BUDGET FLIGHTS IN EUROPE
Because sometimes jumping on that big bird is not only the most convenient way to travel, it can be the cheapest too. Welcome to the world of budget European airlines.
Air travel might not have been the first thing you expected to find in our guide to backpacking Europe, but sometimes it just makes so much sense. Whether it’s to cover a long distance, or to cross an otherwise difficult-to-ass geographic feature, like a sea or mountain range, air travel can be a wonderful addition to your menagerie of budget-Euro-travel options. The ability to travel greater distances at a cost equal to, or even sometimes less than, other land-bound transport options allows you to create more fanciful itineraries, where you can plan your trip using flights to get you into different regions, which you then explore by train, car, bus or foot, before shooting off to a different corner of the continent.
Europe has a varied and competitive budget airline sector, dominated by names you know, like Ryanair and Easyjet, and increasingly Norwegian Air, which has even added trans-Atlantic flights to its roster for a sneaky backdoor exit, or entry, to the continent. Easyjet and Ryanair are classic budget airlines in the tight-ass mould, charging extra for everything and delivering as little as possible, but if it’s A-to-B that you want for as little $ as possible, knowing the deal and booking prepared will keep your outlay at a minimum.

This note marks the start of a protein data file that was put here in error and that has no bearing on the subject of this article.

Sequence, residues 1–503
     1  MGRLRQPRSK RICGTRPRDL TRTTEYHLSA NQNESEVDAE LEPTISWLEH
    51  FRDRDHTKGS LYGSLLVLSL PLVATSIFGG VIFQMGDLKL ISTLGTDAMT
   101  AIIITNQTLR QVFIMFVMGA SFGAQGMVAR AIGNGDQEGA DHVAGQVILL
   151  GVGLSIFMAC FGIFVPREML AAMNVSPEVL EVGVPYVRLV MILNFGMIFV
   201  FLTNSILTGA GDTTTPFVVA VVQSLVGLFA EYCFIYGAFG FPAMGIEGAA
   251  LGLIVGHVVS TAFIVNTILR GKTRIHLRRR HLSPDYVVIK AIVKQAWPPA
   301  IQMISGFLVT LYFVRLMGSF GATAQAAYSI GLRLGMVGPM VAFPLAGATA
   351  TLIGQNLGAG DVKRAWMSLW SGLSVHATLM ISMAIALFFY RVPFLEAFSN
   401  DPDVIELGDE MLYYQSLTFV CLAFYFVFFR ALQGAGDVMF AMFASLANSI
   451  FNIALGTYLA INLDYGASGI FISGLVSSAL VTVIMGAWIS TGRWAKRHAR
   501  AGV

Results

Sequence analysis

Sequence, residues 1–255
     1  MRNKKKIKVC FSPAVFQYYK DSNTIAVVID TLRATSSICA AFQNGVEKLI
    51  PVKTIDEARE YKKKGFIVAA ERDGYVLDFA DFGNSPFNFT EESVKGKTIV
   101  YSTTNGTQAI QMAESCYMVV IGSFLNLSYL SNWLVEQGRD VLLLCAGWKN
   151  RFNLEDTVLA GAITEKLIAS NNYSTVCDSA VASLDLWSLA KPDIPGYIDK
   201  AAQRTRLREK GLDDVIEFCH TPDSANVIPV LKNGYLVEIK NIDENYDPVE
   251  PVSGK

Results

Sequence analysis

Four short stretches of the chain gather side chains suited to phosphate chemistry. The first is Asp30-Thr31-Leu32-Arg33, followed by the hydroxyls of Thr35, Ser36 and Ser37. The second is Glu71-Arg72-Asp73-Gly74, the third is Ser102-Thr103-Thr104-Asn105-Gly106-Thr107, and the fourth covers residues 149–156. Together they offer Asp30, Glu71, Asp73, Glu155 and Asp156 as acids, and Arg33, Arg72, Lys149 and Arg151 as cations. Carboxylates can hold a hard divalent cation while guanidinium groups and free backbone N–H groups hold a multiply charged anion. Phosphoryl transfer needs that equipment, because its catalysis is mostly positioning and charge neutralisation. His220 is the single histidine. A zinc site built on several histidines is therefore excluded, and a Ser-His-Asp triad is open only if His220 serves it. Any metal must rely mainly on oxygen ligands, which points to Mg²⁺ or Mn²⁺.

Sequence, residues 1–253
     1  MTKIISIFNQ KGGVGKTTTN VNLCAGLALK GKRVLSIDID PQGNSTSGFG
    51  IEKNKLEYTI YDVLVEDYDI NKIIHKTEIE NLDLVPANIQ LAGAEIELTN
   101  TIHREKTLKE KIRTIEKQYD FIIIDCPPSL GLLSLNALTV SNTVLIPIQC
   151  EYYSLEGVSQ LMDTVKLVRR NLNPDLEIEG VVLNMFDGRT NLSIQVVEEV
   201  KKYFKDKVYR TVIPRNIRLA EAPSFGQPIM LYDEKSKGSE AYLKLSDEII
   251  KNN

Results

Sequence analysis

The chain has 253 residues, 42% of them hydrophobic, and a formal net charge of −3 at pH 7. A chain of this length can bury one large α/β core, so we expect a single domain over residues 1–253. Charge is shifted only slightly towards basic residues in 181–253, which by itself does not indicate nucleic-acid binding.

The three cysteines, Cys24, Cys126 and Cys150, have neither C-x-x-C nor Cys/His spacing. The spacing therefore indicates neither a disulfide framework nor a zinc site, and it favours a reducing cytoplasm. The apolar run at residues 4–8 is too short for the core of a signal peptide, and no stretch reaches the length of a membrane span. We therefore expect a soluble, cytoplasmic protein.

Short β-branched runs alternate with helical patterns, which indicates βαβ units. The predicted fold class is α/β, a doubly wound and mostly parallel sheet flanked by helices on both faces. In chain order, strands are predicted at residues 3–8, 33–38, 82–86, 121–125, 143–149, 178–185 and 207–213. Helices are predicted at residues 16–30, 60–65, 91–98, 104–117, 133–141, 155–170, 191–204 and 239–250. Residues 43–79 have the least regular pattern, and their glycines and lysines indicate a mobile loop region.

These budget airlines, along with a raft of more local operators, will get you in, if not within striking distance, of all cities and most regions in Europe. And with flights between European cities going for as little as €10, but can go up to €200, the trick comes down to finding the right flights, at the best price.
Finding Budget Flights In Europe
The modern budget airline doesn’t punish you for taking one-way flights, with each sector priced according to how sought after it is. This means that you can use different airlines for your return or you could fly into one city and out of another without paying a penalty. The key is to always book early, where possible, as budget airlines recoup some of their low-price losses by charging a lot more for last-minute desperados, and to be flexible with both your dates and your arrival airport. With European cities generally pretty close to one another, you can fly into Bilbao instead of San Sebastian, for example, and endure a one hour, €5 bus trip, while saving big bucks due to your flexibility.
One thing to be careful of when booking with multiple airlines is to ensure that you have plenty of time for any connections that you’ll have to make. You will not be compensated for flights missed when an earlier, separate, booking comes in late, and budget airlines will semi-regularly run late.